Confessions of an audiobook addict
I’ll write my annual books review post soon, but one comparison I won’t do this year is format: from a mix of physical books, ebooks and audiobooks in previous years, it is now nearly all audiobooks (I’m not counting reading for work). I came to audiobooks in 2016 after Brexit pretty much ruined listening to the Today programme (as lots have commented, the BBC is incapable or unwilling to deal with false equivalence and flagrant, unabashed liars). Screaming at the radio is only viable for so long. And once I had stopped listening to the Today programme, my Radio 4 listening fell away all together (I still listen to 6music when I’m working).
So I switched to audiobooks. And it turned out I had a lot of time they could fill – my drive to Milton Keynes is about 6 hours, I walk the dog for 90 minutes a day, and I listen for half an hour going to bed. I can easily rattle through 1-2 books a week. Compared with time which you can devote to sit down and actually read, and well, a physical book can hang around for ages. I have sympathy with Hugh McGuire who jokes of his own struggle to read more books:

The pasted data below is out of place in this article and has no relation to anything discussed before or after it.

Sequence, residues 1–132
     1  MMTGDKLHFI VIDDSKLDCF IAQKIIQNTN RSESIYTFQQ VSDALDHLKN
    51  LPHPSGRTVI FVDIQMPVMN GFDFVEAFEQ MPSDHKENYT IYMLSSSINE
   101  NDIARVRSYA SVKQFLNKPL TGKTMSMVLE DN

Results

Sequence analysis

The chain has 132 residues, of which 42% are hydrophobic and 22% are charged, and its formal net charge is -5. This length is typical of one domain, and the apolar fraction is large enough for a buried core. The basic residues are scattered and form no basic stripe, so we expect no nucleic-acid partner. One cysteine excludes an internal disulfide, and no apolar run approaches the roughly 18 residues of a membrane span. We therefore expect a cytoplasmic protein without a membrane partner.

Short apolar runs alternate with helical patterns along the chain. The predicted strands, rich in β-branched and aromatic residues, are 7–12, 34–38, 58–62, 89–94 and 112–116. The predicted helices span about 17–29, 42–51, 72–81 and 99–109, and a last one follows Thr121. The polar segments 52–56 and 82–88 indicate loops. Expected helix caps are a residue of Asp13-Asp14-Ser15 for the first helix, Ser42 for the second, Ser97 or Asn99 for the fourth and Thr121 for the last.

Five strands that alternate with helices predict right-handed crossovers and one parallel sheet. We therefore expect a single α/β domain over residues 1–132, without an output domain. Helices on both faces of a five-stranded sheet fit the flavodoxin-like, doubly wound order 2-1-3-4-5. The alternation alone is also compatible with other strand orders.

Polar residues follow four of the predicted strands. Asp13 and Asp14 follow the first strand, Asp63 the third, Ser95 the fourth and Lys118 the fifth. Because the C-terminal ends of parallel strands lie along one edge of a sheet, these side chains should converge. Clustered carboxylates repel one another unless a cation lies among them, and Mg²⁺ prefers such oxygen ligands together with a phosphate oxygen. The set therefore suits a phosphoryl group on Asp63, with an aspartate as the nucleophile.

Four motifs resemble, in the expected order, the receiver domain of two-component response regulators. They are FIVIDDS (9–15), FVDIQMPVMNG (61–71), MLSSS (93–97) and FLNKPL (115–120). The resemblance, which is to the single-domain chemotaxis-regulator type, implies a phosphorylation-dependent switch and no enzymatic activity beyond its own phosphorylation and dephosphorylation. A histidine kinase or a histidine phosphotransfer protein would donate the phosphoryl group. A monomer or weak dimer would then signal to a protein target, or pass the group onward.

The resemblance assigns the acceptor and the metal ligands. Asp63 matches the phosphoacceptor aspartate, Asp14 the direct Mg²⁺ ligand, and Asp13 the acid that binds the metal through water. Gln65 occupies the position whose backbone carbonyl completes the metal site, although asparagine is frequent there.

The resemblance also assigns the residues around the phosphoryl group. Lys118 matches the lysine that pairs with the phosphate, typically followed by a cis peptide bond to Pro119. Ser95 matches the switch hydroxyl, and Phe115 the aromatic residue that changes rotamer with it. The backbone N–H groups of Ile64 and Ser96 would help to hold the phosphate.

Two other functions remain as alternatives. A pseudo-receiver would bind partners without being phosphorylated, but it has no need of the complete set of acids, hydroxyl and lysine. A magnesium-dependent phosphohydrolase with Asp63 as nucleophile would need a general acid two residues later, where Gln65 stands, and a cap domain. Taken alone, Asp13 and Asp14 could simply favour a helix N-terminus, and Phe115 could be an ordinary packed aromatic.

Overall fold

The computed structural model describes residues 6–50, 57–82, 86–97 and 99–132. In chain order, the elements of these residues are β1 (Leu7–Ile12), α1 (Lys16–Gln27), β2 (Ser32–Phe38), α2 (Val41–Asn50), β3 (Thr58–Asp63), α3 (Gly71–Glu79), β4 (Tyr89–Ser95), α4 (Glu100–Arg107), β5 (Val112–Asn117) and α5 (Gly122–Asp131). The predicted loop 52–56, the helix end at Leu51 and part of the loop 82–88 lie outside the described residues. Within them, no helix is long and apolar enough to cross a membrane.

I’ve been finding it harder and harder to concentrate on words, sentences, paragraphs. Let alone chapters. Chapters often have page after page of paragraphs. It just seems such an awful lot of words to concentrate on, on their own, without something else happening.